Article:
of In­dia.”

Woh Kaun Thi got Prem no­ticed but Me­hboob Khan wasn’t pleased and told him that film would type­cast him as vil­lain. “I ini­tially re­gret­ted do­ing neg­a­tive roles, be­cause a lot of pro­duc­ers told me I could have been a lead­ing man af­ter I did Up­kar,” he says.

“But later I re­alised I’d fol­lowed the right path, be­cause most of them were just talk.”

In the mean­time, his friend Manoj Ku­mar of­fered him a role in the pa­tri­otic Sha­heed. His first ma­jor role had him play­ing real-life rev­o­lu­tion­ary Sukhdev Tha­par, who was ex­e­cuted for protest­ing against Bri­tish rule.

It was a pos­i­tive role and good re­views fol­lowed, but very few film of­fers. One of the few was again from Manoj for his de­but pro­duc­tion Up­kar, which was a huge hit. It show­cased Prem as an ac­tor to watch out for.

What all of this taught Prem is that to sur­vive in Bol­ly­wood, you had to adapt. “Me­hboob Khan was very an­gry when I did Woh Kaun Thi,” he says. “He sought me out and told me I would now be branded as vil­lain, be­cause the film would be a big hit. Which it was. But when I told him I couldn’t hold on any longer, he blessed me. I have no re­grets. I feel my longevity is due to the fact that I went down the ‘wrong’ path.”

Prem quit his day job only when he was half­way through shoot­ing Up­kaar in 1967 aged 32. “Only when I felt re­ally se­cure did I turn my back on con­ven­tional wis­dom!” he quips. “By that time my of­fice had also come to know.”

He went on to act in more than 400 films – hit af­ter hit such as Teesri

Manzil, Do Raaste, and Hare Rama Hare Kr­ishna to Tr­ishul, Bunty Aur Babli and Rocket Singh: Sales­man of the Year. He ruled the roost from the late ‘60s and ‘70s up un­til the late ‘80s, when a younger lot of vil­lains started tak­ing over. Prem smartly de­cided to move to play­ing older char­ac­ter roles, which kept the work com­ing in.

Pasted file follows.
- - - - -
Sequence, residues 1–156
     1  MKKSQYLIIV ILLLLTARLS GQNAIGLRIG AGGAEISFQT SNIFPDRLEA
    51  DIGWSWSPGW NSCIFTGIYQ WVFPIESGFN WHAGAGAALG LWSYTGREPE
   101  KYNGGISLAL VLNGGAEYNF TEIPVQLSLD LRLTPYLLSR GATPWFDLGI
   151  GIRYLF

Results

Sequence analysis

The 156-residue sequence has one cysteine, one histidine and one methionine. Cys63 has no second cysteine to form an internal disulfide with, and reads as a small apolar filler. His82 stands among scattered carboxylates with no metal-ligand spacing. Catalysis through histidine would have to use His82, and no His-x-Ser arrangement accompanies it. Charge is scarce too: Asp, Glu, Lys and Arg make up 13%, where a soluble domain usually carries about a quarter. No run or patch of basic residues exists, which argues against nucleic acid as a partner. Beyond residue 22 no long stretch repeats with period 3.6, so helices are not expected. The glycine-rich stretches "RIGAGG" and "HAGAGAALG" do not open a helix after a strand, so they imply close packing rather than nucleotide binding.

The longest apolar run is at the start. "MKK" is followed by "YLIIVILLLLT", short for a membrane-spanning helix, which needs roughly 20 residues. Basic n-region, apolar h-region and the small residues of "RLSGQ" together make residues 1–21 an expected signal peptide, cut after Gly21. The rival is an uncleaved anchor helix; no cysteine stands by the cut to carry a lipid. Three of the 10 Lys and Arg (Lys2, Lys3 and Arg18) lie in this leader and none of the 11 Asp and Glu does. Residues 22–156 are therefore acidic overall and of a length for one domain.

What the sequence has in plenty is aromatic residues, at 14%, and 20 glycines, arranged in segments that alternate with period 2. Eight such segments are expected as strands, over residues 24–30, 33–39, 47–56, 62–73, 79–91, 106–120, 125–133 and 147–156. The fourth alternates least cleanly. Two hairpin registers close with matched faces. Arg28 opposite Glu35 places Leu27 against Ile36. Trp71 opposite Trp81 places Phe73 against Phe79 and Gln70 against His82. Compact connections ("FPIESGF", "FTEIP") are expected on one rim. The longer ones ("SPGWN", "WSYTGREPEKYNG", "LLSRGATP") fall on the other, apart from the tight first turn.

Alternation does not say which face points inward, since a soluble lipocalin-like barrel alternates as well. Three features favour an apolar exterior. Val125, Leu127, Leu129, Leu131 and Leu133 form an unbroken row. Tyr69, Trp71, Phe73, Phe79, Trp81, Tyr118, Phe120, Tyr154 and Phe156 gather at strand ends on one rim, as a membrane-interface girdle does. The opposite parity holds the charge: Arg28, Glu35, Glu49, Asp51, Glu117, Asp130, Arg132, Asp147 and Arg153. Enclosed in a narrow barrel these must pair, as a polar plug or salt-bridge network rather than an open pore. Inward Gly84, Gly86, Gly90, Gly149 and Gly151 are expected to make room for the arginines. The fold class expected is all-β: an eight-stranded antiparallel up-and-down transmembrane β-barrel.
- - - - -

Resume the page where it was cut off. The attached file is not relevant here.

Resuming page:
“I’ve been act­ing for more than five decades. I’ve acted with many gen­er­a­tions of lead­ing men, su­per­stars even, who are not around to­day,” he says. “The fact of the mat­ter is, this is a com­mer­cial busi­ness. If the film doesn’t do well, the person most af­fected is the hero. If three or four films of a lead­ing man flops in a row, he’s out. So I’d have been out long back [if I’d be­come a lead­ing man]. For ac­tors like me it is eas­ier. We started as char­ac­ter ac­tors so go­ing back to them was not very dif­fi­cult. I’m still work­ing be­cause of that.”

In­se­cu­rity is the bane of Bol­ly­wood and Prem Cho­pra was no ex­cep­tion. How­ever, he learnt to deal with it af­ter re­ceiv­ing some ex­pert ad­vice from the late mati­nee idol, Dev Anand. “I felt in­se­cure a lot ini­tially, fear­ing I would not get work if the films did not work well,” says Prem.

“But I al­ways be­lieved in hon­esty and hard work. Dev Anand told me, ‘In this pro­fes­sion you should mind your own busi­ness. Don’t lis­ten to bad things about any­body and don’t talk badly about any­body.’ He was right and I fol­low that.”